BLOG:: SELECTING THE RIGHT SOLAR PANEL: THE RECIPE AND COOK EQUALLY MATTERBy Ayoola Brimmo
Published on 7 July 2014
Today, it's easy to find a plethora of solar (PV) panel manufacturers offering a 25 years warranty period. A warranty period that lengthy most often seems like an awesome deal - after all you would be presented a warranty certificate with a striking resemblance to that of a degree certificate.
In the PV industry, one cannot solely rely on this 'ostentatious sheet of paper' as you would find that majority of these companies are still very young. One might think; how could they possibly offer such when they have not been in operation long enough to test their products for the 25 years offered. So with little or no experience in the PV industry, how does one choose the right product?
It might help to think of PV panel (or module) as jollof rice (also known as jollof). Almost every restaurant in West Africa makes this dish in the same way: rice, tomato paste, spices, maybe a veggie or two- but at a glance it is very easy to tell if the dish is made from basmati or long grained rice. And even within Ghana −where jollof is predominantly made from basmati rice- the taste of this dish varies.
Solar panels are generally not as tasty as jollof − with my atrocious attempt at preparing this dish being an exception- however; you would find that the 'recipe' and 'chef' are equally as important in this industry. Most top-tier, large-scale solar panel manufacturers have very similar components: solar cell, aluminum frame, glass cover, encapsulations, back sheet, junction box and perhaps some anti-reflection coatings. Among these, the single most important is the solar cell- just as the rice is to jollof. A simple test can easily differentiate between a good quality and a 'not so good' quality solar cell- just as your taste bud would to jollof. Fortunately, solar cell manufacturers are obliged to include the result of this test in their catalogue hence you would always have access to it. As it is impossible to justify an exegesis on the catalog's electrical engineering jargon whilst sticking to the jollof rice analogy, I would go straight to the pith: the most important quality indicators are the Fill Factor (FF) and cell efficiency which typically range between 0.5-0.82 and 10-19% respectively, for most commercially available cells. So, for the best quality cells, you should be looking at an FF close to 0.8 and a cell efficiency close to 19%. Except you are building a space shuttle where you would probably want to go for multi-junction solar cells which can have efficiencies as high as 44%.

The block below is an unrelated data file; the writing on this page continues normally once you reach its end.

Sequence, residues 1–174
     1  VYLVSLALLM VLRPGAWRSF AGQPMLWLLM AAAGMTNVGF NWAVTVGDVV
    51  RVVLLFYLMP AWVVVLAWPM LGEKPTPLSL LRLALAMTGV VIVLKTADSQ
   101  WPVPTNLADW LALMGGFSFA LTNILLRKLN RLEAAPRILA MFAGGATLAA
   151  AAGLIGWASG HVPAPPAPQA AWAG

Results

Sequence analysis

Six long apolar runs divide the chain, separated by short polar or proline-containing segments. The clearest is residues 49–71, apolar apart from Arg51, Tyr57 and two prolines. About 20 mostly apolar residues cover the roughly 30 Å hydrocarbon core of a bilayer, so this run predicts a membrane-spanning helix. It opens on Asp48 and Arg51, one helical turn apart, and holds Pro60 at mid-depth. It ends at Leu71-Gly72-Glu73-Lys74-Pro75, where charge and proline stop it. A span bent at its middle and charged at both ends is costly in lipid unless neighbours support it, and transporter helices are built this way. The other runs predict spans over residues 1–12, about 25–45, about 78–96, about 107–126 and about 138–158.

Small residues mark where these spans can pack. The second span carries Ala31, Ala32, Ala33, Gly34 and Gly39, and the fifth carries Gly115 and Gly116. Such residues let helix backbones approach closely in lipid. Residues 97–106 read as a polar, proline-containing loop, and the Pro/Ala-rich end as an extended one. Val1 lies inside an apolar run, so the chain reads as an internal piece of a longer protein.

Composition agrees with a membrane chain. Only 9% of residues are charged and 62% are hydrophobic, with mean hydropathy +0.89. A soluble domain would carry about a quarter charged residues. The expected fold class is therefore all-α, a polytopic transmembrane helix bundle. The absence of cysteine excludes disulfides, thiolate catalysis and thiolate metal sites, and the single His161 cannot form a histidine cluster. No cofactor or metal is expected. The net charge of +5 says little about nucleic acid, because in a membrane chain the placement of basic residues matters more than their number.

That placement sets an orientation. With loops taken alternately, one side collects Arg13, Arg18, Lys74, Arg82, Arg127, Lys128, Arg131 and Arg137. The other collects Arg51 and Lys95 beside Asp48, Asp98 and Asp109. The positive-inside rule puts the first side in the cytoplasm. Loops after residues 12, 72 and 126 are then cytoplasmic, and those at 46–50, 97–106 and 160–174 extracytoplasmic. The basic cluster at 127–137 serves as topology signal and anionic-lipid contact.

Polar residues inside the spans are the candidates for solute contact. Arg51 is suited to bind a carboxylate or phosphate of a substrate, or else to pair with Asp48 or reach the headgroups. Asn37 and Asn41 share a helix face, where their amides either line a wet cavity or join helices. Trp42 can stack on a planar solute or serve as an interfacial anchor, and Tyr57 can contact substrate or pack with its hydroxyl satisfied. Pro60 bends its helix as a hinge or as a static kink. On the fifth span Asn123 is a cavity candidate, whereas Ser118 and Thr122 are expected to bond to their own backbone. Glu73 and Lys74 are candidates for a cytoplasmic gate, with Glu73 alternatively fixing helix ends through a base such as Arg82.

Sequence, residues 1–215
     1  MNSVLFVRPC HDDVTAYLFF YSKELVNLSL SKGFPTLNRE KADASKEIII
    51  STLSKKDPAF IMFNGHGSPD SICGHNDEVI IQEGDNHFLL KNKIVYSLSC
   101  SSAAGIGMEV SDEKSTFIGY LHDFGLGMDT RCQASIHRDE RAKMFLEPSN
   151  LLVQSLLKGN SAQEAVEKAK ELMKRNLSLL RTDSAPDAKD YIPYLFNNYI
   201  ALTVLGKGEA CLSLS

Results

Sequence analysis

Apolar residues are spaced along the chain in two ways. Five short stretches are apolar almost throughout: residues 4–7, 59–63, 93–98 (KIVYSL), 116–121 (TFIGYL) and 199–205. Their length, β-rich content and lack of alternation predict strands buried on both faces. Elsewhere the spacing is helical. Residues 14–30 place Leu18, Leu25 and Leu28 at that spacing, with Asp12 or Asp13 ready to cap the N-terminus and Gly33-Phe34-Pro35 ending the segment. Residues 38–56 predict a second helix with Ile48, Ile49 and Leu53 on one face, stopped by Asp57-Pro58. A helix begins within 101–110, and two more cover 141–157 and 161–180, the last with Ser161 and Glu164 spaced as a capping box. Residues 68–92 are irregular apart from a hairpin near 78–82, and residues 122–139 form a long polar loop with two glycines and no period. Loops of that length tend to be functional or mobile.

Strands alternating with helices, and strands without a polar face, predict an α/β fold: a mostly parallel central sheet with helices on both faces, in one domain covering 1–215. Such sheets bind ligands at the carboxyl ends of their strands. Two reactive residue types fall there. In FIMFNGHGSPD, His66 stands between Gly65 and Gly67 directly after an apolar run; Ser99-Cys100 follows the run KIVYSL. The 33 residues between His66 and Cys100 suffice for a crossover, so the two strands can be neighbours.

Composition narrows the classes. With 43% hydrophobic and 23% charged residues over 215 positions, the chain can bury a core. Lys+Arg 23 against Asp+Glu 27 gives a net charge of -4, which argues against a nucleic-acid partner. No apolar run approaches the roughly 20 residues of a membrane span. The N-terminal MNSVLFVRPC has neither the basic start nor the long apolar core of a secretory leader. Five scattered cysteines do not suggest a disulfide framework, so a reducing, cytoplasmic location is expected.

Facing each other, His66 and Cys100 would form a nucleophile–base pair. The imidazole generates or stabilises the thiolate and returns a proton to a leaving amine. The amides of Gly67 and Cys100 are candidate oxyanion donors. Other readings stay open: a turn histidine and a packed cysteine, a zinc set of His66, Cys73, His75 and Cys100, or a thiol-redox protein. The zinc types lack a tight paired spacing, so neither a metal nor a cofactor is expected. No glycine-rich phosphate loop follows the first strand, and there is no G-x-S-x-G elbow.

Sadly, just knowing how to pick a good solar cell doesn't guarantee you a high quality panel as the PV cell is only an 'ingredient' and the quality of the final product − solar panel − is also a responsibility of the 'chef'. Information on top selling solar modules is just a Google search away and hence, the route most PV consumers thread. However, one must be careful before getting on this bandwagon as it is most often driven by the erroneous use of the 'low price' and 'high quality cell' keywords as the search criteria for 'high quality module'. This is a risky endeavor as most companies who make claims of offering 'high quality' and 'low cost' modules eventually end up defunct in a few years. The easiest to grasp, 'TTT' criterion for selecting a high quality solar panel is the manufacturer's 'kitchen age' as majority of the old timers- at least 25 years old- do tremendously well. However, like you would find some highly talented young jollof chefs, you can also find some fledgling manufacturers with exceptional ratings. In a situation where you are not convinced by the “kitchen age” criterion, a comparison between the cell and module efficiencies is advised. As this difference is an indication of the losses accrued while assembling the solar cells to form a module, this gives an idea of how good the company is in this process. While adapting this method, bear in mind that material imperfections make it impossible to find a module with an overall efficiency equal to that of its cell. Hence, the cell to module efficiency loss is in the 11 − 17% range for most manufacturers. Oddly, this is way less complicated to decode than reports on the percentage of rice nutrient loss when jollof rice is prepared
So there you go − the recipe and chef make a difference in the quality of jollof rice AND solar panels. Now that we have an idea of how to select a good quality solar panel, who's ready for some jollof?